19. Two friends of mine attended and were similarly enthusiastic. "One of those players you hear, and watch, and time stands still". Exciting, original programme played entirely from memory with quite remarkable technical control. Slightly provocative 'symphonic' rendering of BWV 543, but marvellously inventive, subtle and colourful use of all sections of the instrument in the Mendelssohn and Prokoviev transcriptions, as well as in the modern Canadian pieces. Most memorable, perhaps, as a recital refreshingly different from the normal run-of-the-mill offerings, the only slightly disappointment being the modest size of the audience. JS
  20. Just returned, mightily impressed, from Mlle Demers's recital here in Ripon - 'extra-ordinary' in the true sense of the word. 'Virtuoso' can sometimes be something of a backhanded compliment, but if taken to mean phenomenal technique combined with innate musicality, then it is a worthy accolade in this case. And not a trace of showmanship, unlike certain other virtuoso circus acts currently emanating from the other side of the Atlantic. The Laurin pieces and the transcriptions, particularly, were a delight, extracting some quite remarkable tone colours from the Ripon Lewis/Harrison, many of them refreshingly new even to one like me, who has listened to the instrument, in various guises, over the best part of 40 years. Do try to catch up with Isabelle - a charmingly modest young lady, too - at some point on her UK tour. JS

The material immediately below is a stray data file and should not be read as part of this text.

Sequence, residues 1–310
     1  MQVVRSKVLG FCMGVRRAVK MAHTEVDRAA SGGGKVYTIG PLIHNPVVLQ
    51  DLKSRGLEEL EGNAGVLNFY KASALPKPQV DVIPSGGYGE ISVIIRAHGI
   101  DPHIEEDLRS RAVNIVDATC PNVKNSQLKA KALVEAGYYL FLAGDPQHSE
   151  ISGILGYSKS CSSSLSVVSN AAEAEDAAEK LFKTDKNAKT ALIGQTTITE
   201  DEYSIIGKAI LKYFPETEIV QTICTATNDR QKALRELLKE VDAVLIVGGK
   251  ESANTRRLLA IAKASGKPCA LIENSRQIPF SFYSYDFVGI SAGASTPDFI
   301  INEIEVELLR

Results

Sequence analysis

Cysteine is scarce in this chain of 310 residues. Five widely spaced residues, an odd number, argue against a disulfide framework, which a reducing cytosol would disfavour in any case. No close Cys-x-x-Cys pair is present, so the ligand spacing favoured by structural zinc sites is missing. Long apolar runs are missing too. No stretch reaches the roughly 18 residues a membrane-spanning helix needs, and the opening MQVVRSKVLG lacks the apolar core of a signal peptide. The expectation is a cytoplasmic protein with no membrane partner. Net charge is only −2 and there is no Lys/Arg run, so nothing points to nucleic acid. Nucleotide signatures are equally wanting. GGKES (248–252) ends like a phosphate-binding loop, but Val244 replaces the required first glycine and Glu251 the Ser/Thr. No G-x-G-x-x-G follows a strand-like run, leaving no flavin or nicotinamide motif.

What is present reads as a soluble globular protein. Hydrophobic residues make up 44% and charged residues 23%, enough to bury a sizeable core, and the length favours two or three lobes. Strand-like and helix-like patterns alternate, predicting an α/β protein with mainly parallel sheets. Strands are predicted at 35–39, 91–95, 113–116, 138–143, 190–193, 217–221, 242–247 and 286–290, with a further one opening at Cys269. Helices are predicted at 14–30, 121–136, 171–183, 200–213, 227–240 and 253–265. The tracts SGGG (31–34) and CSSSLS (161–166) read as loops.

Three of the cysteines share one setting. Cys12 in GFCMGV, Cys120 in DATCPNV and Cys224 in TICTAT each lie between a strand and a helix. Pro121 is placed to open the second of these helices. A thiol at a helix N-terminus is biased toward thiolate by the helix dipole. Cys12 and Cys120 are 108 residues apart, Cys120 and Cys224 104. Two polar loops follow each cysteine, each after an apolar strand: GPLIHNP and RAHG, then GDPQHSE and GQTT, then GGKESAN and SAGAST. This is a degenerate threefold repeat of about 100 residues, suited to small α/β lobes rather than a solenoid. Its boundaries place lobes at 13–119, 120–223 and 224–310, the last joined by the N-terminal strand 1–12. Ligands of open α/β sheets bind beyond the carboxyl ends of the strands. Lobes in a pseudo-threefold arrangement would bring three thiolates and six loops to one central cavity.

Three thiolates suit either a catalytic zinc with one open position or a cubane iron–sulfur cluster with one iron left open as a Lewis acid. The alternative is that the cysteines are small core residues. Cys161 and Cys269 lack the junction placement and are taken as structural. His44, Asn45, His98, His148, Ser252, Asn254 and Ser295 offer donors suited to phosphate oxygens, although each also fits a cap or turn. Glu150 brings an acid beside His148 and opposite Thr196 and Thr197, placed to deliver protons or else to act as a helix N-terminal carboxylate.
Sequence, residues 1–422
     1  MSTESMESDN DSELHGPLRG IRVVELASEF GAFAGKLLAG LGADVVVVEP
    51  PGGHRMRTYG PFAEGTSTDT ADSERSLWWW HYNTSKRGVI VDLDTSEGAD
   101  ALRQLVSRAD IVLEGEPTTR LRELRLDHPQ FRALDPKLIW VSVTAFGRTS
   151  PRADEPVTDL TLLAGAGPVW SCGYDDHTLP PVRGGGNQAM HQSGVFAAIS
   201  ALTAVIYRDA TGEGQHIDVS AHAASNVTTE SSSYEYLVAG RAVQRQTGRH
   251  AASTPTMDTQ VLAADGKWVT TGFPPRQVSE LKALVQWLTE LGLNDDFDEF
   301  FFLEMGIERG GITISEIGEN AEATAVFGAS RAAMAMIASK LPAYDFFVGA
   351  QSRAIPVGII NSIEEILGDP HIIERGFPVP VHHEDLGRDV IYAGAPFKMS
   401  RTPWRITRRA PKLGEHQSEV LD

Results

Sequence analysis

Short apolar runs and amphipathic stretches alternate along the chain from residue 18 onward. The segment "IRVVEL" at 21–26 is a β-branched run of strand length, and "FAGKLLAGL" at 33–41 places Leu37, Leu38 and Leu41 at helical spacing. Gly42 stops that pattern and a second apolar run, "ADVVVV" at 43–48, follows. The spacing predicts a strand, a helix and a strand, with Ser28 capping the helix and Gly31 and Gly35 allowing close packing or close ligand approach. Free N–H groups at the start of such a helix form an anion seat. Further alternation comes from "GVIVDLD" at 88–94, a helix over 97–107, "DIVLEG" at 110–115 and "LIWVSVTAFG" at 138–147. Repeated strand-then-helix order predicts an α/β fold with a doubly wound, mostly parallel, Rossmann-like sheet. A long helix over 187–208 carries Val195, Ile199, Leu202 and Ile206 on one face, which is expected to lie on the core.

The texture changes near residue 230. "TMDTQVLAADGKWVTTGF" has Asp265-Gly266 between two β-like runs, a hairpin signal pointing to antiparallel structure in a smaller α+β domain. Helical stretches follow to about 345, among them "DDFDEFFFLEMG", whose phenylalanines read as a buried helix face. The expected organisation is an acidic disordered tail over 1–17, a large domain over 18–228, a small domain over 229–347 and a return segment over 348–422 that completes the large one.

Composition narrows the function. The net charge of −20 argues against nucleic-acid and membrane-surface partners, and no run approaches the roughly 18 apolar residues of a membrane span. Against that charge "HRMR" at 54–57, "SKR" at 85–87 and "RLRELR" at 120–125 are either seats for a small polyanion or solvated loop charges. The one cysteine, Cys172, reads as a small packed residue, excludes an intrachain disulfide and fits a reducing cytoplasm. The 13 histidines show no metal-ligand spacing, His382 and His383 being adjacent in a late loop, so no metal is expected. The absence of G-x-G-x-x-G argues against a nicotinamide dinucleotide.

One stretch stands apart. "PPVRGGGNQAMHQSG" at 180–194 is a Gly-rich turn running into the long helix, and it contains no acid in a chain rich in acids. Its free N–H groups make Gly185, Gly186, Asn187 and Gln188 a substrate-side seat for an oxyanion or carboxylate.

21. I wonder if the NPOR reference was meant to be this one - N&B 1912 See http://www.npor.org.uk/cgi-bin/Rsearch.cgi?Fn=Rsearch&rec_index=N14751 JS
  22. I'm reliably informed by a friend that, in the first edition, no actual (i.e. pitched) notes are shown for this passage - only the semiquaver stems and beams. Perhaps someone could confirm? JS
  23. Sorry, one further point, if I may. How are you supposed to hold the crotchet B flat in the LH on the third beat of bar 22? You could thumb down, I suppose, if playing the melody on a upper manual - not what JSB would have done, I'm sure. Or maybe you should just let it go and not worry about it. JS
  24. Apart from the tempo, equally problematic, it seems to me, is the question of dotting. I realise 18c. notation is not always to be read strictly to the letter, but, if JSB goes to the trouble of writing demi-semi-quavers (3 beams) after the ornamented dotted quavers in the melody line, then we should play them as such and not smooth them out to semi-quavers (as on some of the recordings previously mentioned) - i.e. hang on to the E flat and the F in bar 1 almost as long as you can before the final turn - if that makes sense. Some distinguished scholars and players may think otherwise, but, to me this instinctively seems right. JS
  25. What an odd suggestion for a DOA to make! Worksop Priory has a 1/4 length Sordun: not very convincing, as I recall. JS